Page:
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. Last Updated: 07/27/2016

Car Bomb Kills 21 Chechen Civilians

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VLADIKAVKAZ, North Ossetia ? A car bomb exploded near a mosque in a Chechen village, killing at least 21 civilians in one of the deadliest attacks in the breakaway republic in weeks.

The government called Saturday?s blast a terrorist act and blamed Chechen rebels.

At least four suspects have been detained ? one of whom was carrying the identity card of a Chechen police officer, said Colonel General Valery Manilov, the first deputy chief of the army?s General Staff.

"This fact proves the rebels are trying to place their people in the Chechen law enforcement agencies," Manilov was quoted Sunday by Interfax as saying.

The bomb was planted in a Moskvich in the village of Alkhan-Yurt, just south of Grozny, said Igor Botnikov, an aide to the Kremlin?s chief spokesman on the war, Sergei Yastrzhembsky.

The blast killed people who had gathered to view the aftermath of an earlier explosion in the car?s trunk. There apparently was another bomb under the hood that was not discovered by federal troops examining the car, Botnikov said.

"The first explosion was smaller and occurred at about 10 o?clock but no one was hurt," he said by telephone. "Villagers later crowded around the site and the second explosion occurred about an hour later," he said. "The dead and injured were local residents aged 8 to 20."

Officials said no federal troops were hurt.

Sobbing villagers held funerals Sunday for 17 victims in Alkhan-Yurt. Afterward, they held a rally, demanding that Russian officials cleanse the military and police forces in Chechnya of "bandits" who stage such attacks.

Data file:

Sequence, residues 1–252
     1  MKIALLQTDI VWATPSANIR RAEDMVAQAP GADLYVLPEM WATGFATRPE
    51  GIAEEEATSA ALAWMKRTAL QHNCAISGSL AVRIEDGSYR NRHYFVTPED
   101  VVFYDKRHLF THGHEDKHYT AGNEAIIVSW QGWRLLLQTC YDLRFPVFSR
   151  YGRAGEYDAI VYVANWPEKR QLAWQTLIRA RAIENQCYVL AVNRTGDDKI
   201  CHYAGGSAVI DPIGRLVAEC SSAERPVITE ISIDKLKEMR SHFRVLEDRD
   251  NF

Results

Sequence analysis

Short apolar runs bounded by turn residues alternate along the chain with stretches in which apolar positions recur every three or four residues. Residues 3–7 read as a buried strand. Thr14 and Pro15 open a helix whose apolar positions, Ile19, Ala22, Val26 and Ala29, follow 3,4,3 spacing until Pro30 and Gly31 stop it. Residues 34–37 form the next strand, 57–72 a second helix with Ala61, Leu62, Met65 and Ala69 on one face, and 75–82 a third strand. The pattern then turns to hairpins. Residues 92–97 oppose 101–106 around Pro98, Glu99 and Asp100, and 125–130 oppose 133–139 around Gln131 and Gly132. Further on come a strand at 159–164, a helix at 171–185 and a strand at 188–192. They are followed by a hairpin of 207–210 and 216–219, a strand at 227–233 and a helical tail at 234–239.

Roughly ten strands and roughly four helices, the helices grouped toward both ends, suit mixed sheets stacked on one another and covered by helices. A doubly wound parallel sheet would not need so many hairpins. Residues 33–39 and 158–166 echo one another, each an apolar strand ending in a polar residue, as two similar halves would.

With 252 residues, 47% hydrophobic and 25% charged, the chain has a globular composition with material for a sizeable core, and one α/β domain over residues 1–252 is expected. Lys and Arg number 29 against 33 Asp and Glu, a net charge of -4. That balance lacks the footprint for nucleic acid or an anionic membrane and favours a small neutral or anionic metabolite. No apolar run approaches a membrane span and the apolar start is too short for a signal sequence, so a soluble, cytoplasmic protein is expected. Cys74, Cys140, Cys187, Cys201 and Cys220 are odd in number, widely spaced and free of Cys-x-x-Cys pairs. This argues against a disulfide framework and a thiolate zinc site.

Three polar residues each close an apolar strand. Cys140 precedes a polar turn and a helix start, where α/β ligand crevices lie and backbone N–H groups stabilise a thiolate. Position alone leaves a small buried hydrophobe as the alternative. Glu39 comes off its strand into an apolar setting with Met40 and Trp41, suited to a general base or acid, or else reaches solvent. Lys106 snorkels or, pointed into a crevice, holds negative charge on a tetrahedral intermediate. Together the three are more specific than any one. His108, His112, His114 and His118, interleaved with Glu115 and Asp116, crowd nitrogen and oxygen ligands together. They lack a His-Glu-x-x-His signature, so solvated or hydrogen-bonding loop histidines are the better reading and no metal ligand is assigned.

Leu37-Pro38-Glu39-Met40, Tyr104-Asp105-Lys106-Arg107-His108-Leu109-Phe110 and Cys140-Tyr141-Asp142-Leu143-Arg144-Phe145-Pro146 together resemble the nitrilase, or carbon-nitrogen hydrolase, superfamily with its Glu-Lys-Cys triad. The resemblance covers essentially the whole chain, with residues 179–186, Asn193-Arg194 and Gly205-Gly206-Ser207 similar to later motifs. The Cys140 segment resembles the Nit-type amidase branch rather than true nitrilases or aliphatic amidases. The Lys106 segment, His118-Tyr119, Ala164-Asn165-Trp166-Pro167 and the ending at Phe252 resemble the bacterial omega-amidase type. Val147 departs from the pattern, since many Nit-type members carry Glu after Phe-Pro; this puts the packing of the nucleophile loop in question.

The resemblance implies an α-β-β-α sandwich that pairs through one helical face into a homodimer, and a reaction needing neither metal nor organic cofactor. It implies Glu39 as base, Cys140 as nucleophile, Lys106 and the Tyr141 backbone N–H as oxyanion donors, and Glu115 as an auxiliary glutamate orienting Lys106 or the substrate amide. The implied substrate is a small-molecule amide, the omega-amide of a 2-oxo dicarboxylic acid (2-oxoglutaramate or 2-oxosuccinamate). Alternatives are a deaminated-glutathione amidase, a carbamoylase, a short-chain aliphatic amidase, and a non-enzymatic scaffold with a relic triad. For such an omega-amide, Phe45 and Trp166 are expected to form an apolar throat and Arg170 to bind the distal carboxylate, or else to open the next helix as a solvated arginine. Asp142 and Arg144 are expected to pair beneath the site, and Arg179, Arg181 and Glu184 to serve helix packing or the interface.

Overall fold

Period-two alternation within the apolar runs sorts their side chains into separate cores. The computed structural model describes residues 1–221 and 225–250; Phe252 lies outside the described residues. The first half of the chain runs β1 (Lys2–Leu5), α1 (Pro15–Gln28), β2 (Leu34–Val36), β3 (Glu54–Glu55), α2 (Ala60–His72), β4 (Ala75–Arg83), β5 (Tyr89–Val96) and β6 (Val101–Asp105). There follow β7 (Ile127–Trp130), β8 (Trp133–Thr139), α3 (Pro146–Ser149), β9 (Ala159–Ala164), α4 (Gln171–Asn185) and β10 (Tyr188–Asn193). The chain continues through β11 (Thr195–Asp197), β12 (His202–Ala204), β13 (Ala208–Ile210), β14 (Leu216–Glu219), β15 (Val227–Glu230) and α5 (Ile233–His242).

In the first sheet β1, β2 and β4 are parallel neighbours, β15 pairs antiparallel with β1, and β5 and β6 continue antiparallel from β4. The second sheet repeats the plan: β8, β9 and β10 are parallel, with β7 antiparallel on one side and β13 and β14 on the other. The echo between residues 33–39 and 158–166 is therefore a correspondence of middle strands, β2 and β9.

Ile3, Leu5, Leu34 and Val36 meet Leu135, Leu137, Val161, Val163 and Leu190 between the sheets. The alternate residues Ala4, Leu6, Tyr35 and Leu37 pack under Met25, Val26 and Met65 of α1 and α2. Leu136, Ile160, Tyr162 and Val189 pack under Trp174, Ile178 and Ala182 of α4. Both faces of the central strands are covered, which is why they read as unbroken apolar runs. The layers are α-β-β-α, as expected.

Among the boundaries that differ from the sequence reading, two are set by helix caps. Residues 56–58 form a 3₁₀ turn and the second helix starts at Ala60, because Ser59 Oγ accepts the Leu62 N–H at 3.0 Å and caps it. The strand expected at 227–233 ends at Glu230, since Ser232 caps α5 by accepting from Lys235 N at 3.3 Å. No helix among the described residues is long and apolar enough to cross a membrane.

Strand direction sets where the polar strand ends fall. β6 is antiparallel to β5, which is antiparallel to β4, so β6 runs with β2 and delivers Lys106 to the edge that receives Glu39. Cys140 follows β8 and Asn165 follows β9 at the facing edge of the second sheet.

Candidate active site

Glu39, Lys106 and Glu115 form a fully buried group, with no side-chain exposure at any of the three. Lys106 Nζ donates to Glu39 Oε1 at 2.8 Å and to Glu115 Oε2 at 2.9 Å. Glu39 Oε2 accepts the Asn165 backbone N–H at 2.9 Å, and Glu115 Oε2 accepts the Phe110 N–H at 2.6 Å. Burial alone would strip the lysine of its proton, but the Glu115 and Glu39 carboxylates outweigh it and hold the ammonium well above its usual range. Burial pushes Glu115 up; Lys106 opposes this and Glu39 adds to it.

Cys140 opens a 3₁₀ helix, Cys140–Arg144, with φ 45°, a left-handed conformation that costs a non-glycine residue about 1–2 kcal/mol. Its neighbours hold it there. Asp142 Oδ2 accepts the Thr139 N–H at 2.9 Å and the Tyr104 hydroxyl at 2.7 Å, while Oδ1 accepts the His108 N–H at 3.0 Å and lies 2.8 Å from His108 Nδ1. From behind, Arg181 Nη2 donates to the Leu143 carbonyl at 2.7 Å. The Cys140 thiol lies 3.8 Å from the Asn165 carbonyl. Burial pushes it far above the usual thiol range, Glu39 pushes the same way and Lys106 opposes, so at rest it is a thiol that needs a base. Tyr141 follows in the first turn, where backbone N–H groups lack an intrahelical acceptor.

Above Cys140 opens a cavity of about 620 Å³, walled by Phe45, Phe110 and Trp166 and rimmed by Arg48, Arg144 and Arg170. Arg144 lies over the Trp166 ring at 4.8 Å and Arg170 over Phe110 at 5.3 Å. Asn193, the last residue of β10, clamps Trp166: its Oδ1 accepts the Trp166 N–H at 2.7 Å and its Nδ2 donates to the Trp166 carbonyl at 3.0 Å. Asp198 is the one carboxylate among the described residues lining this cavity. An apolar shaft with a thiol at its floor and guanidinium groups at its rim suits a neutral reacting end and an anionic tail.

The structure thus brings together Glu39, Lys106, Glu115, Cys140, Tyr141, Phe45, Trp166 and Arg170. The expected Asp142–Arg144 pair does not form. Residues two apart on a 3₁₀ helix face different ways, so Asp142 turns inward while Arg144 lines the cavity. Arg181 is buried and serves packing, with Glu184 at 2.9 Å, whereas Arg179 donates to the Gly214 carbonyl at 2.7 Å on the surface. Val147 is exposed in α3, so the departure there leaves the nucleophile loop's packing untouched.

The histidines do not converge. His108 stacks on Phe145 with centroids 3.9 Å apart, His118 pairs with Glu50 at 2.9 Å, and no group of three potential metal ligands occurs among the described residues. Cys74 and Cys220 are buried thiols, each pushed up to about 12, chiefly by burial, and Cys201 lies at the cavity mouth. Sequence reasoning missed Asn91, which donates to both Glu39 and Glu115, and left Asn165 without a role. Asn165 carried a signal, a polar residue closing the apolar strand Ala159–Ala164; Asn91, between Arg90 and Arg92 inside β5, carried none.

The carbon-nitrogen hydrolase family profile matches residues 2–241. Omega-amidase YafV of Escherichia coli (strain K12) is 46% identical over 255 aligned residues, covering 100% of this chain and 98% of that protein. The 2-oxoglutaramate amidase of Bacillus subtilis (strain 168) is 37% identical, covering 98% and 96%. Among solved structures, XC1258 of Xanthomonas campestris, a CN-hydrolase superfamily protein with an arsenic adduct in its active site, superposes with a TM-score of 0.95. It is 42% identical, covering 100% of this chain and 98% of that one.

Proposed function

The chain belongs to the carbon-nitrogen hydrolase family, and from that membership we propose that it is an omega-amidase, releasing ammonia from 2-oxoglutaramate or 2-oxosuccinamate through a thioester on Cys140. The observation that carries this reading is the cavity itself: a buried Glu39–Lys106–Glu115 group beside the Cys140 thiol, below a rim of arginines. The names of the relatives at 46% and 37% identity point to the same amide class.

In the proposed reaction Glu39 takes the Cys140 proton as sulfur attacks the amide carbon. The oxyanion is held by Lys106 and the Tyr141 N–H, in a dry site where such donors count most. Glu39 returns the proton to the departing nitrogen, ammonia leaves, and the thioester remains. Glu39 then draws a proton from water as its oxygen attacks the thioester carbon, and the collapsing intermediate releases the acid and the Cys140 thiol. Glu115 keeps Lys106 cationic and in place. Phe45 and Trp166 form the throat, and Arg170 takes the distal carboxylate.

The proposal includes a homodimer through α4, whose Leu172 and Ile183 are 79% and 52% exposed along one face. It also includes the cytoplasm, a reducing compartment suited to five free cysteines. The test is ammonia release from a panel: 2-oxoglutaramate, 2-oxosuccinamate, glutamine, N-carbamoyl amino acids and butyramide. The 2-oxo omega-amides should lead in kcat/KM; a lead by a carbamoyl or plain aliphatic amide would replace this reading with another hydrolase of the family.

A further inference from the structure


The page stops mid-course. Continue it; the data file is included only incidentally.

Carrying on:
The chief military commandant in Chechnya, Lieutenant General Ivan Babichev, promised protesting villagers that a police station would be set up in Alkhan-Yurt, Interfax said.

President Vladimir Putin said that restoring Chechnya?s economy remains a formidable task, but insisted that Russia was succeeding in bringing order to the republic.

"There is no longer a malignant tumor on the territory of Russia, the enclave where lawlessness ruled no longer exists," he said during a visit to the Urals region over the weekend.

Justice Minister Yury Chaika and First Deputy Interior Minister Valery Fyodorov met Saturday with Lord Judd, who is leading a delegation of the Parliamentary Assembly of the Council of Europe, to discuss the war.

The council, Europe?s leading human rights watchdog, has been one of the most outspoken critics of the military offensive, and suspended Russia?s voting rights in protest. Judd said his talks were frank and useful, but would not comment on whether the rights would be restored any time soon.

(AP, Reuters)